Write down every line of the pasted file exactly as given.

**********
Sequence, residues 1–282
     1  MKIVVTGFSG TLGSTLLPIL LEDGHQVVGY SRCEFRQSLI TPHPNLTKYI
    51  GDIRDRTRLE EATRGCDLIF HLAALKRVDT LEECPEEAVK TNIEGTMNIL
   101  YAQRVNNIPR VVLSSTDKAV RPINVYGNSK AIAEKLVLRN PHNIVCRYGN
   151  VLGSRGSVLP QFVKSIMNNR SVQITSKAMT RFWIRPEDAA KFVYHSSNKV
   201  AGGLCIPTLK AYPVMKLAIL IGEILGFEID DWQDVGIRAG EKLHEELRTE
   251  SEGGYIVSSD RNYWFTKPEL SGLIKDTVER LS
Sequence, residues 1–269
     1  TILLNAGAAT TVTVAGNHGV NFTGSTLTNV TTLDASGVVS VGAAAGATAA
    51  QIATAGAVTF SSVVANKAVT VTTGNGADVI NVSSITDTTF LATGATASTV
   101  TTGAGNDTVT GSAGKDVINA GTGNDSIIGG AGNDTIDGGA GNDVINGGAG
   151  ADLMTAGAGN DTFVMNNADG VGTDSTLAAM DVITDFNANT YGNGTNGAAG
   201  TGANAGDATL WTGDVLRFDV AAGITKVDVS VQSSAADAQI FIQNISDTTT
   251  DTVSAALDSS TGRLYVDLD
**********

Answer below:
Sequence, residues 1–282
     1  MKIVVTGFSG TLGSTLLPIL LEDGHQVVGY SRCEFRQSLI TPHPNLTKYI
    51  GDIRDRTRLE EATRGCDLIF HLAALKRVDT LEECPEEAVK TNIEGTMNIL
   101  YAQRVNNIPR VVLSSTDKAV RPINVYGNSK AIAEKLVLRN PHNIVCRYGN
   151  VLGSRGSVLP QFVKSIMNNR SVQITSKAMT RFWIRPEDAA KFVYHSSNKV
   201  AGGLCIPTLK AYPVMKLAIL IGEILGFEID DWQDVGIRAG EKLHEELRTE
   251  SEGGYIVSSD RNYWFTKPEL SGLIKDTVER LS
Sequence, residues 1–269
     1  TILLNAGAAT TVTVAGNHGV NFTGSTLTNV TTLDASGVVS VGAAAGATAA
    51  QIATAGAVTF SSVVANKAVT VTTGNGADVI NVSSITDTTF LATGATASTV
   101  TTGAGNDTVT GSAGKDVINA GTGNDSIIGG AGNDTIDGGA GNDVINGGAG
   151  ADLMTAGAGN DTFVMNNADG VGTDSTLAAM DVITDFNANT YGNGTNGAAG
   201  TGANAGDATL WTGDVLRFDV AAGITKVDVS VQSSAADAQI FIQNISDTTT
   251  DTVSAALDSS TGRLYVDLD